So, last night we all saw this on the CBC News: “Liberal MPs on the Commons Justice committee say their work is done and any further examination of the SNC-Lavalin affair should be left to the conflict of interest and ethics commissioner … [that’s what] … The five Liberals on the committee wrote to chair Anthony Housefather … [on Monday afternoon] … outlining their argument that the committee has completed its work and laying out what they think should happen next … [they also wrote that] … “As committee members, we have achieved our objectives with respect to these meetings … [and] … Following the testimony of all witnesses, we believe that all the rules and laws were followed.” Of course they do … that’s what we expect them to say when they are trying to cover up actual wrongdoing (certainly ethical wrongdoing, perhaps criminal wrongdoing, too) on the part of Prime Minister Justin Trudeau.
These are the five Liberal
Toadies MPs who have put politics above principle:
Campbell Clark, writing in the Globe and Mail, opined that “Another week, another senior government figure overboard. The tally so far is two ministers, a principal secretary and a clerk of the Privy Council. One more makes a kitchen cabinet … [plus] … At the same time, Liberal MPs signalled they will shut down justice committee hearings on the matter. And then [the prime minister] appointed former deputy prime minister Anne McLellan to review whether the roles of justice minister and attorney-general should be separated – and while there’s nothing wrong with that in theory, or with Ms. McLellan’s acumen, Mr. Trudeau strained credulity when he rose in the Commons and described the veteran Liberal as someone who would “independently investigate” … [he says, and I agree, that] …If this is Prime Minister Justin Trudeau’s way of putting the SNC-Lavalin affair behind him, and making everybody forget Jody Wilson-Raybould, he’s making a mess in the process. The Liberal efforts to make the scandal disappear haven’t exactly been a magic act.“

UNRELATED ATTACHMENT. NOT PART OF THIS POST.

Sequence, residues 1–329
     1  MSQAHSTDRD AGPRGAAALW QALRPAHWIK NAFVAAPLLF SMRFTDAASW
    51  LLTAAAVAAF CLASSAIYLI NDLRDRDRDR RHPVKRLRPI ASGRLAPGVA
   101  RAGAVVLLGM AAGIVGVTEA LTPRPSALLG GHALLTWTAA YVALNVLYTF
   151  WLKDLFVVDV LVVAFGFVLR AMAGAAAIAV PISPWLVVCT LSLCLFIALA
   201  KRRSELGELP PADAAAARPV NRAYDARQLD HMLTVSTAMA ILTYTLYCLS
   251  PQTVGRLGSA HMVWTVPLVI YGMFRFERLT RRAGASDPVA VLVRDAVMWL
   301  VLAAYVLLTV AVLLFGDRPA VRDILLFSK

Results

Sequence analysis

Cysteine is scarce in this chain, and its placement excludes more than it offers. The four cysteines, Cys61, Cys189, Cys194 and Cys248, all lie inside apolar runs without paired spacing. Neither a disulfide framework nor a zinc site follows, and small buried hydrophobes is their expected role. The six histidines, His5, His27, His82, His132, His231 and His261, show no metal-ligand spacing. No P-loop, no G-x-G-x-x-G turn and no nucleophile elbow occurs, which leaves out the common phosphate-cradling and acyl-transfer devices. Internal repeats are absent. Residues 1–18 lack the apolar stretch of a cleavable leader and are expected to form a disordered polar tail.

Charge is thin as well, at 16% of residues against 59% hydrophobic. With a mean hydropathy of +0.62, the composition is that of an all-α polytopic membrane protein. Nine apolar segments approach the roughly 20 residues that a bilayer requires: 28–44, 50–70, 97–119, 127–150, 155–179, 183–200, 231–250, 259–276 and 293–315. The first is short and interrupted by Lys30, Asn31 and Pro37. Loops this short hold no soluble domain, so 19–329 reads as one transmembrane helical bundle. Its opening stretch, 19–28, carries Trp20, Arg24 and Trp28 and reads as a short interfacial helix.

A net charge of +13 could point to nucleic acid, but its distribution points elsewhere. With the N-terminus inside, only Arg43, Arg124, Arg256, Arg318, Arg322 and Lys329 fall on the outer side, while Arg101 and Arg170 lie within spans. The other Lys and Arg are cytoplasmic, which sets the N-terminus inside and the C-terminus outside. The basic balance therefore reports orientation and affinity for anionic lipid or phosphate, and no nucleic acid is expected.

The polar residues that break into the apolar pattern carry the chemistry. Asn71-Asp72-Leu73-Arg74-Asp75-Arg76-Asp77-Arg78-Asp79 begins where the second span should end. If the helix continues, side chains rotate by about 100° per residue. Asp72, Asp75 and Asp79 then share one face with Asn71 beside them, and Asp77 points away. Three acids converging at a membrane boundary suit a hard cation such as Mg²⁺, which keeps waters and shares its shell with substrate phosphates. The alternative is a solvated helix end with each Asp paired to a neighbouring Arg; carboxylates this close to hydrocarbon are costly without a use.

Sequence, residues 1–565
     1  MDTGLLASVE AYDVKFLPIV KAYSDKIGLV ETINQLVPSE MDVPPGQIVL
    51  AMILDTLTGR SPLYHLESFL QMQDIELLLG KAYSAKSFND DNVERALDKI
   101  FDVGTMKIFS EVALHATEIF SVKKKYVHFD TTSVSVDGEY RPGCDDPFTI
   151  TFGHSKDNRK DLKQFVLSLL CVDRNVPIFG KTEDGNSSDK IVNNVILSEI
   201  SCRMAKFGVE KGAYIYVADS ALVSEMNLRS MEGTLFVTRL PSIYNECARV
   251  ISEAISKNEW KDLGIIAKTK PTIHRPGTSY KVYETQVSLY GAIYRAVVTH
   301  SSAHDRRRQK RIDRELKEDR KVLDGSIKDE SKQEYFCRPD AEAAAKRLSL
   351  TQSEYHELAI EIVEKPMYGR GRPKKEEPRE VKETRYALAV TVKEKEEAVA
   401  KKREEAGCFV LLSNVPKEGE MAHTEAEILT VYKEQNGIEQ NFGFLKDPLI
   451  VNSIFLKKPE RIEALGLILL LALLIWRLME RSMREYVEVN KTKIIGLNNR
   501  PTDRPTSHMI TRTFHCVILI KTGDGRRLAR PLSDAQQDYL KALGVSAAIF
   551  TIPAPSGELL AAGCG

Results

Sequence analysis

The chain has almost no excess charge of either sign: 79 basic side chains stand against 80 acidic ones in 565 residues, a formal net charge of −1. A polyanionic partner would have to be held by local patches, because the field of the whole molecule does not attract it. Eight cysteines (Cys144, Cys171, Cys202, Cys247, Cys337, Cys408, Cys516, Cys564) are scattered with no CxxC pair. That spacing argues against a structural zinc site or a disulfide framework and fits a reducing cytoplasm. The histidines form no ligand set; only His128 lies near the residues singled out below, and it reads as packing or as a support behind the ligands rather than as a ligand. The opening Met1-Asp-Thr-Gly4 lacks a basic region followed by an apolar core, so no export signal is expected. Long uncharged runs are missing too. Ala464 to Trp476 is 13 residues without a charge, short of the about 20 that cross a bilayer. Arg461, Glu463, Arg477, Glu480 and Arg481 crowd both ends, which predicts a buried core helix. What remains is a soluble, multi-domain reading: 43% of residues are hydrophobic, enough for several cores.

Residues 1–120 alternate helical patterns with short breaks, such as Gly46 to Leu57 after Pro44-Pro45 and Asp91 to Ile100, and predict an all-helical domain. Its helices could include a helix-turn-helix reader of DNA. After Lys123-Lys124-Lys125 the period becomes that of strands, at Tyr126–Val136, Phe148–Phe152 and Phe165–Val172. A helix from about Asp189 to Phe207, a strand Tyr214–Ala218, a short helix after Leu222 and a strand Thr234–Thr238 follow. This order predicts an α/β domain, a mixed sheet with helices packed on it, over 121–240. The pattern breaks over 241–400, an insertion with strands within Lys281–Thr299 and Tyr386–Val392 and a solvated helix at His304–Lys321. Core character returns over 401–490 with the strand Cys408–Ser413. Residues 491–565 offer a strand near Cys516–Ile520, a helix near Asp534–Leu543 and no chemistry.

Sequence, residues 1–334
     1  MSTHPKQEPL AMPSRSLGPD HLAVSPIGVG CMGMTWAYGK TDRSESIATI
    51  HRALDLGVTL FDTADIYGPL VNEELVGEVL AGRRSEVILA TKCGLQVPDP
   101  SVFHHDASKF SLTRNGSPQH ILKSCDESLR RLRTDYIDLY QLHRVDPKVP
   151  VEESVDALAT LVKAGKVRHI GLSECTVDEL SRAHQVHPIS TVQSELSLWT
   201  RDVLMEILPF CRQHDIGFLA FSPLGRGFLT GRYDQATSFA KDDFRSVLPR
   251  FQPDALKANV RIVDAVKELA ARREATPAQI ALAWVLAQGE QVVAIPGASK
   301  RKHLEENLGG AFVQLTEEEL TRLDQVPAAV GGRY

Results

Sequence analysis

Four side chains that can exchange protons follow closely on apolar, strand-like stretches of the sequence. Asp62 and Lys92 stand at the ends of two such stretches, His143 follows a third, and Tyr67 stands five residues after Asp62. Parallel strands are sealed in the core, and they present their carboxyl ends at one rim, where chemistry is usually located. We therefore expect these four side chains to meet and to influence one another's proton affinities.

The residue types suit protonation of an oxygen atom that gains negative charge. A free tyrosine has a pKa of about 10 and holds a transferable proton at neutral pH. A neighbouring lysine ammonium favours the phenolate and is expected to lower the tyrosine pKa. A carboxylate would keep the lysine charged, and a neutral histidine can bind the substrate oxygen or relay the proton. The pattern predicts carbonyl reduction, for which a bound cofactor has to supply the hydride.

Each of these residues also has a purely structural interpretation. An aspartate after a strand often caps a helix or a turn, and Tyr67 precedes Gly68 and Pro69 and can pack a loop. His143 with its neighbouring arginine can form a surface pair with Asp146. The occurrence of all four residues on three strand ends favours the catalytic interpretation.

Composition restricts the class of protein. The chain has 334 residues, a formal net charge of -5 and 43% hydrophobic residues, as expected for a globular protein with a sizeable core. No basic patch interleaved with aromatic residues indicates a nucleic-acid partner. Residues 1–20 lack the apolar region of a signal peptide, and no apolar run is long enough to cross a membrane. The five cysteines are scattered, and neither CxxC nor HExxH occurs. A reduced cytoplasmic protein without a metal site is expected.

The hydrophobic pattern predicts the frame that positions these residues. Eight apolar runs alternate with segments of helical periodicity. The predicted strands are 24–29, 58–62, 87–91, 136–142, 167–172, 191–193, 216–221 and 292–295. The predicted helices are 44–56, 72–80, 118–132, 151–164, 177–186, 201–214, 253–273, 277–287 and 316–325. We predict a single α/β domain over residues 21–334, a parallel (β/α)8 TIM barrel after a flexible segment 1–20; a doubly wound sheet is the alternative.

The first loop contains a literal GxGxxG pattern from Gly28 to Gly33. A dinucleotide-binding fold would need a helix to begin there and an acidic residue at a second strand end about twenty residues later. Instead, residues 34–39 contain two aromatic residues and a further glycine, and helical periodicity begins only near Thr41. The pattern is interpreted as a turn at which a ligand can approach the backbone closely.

Just a few hours ago we heard Bill Morneau (well, we actually didn’t hear him, because the Conservatives shouted him down with cries of “Let Her Speak!”) present a budget that was, as predicted, “all handouts and distractions … [consisting of] … some unexpected handouts – some previously unheard of freebies and big spends for a handful of interest groups.” And that, it seems to me is pretty much what the finance minister delivered, all the while, as Anthony Furey said, the five Liberal MPs …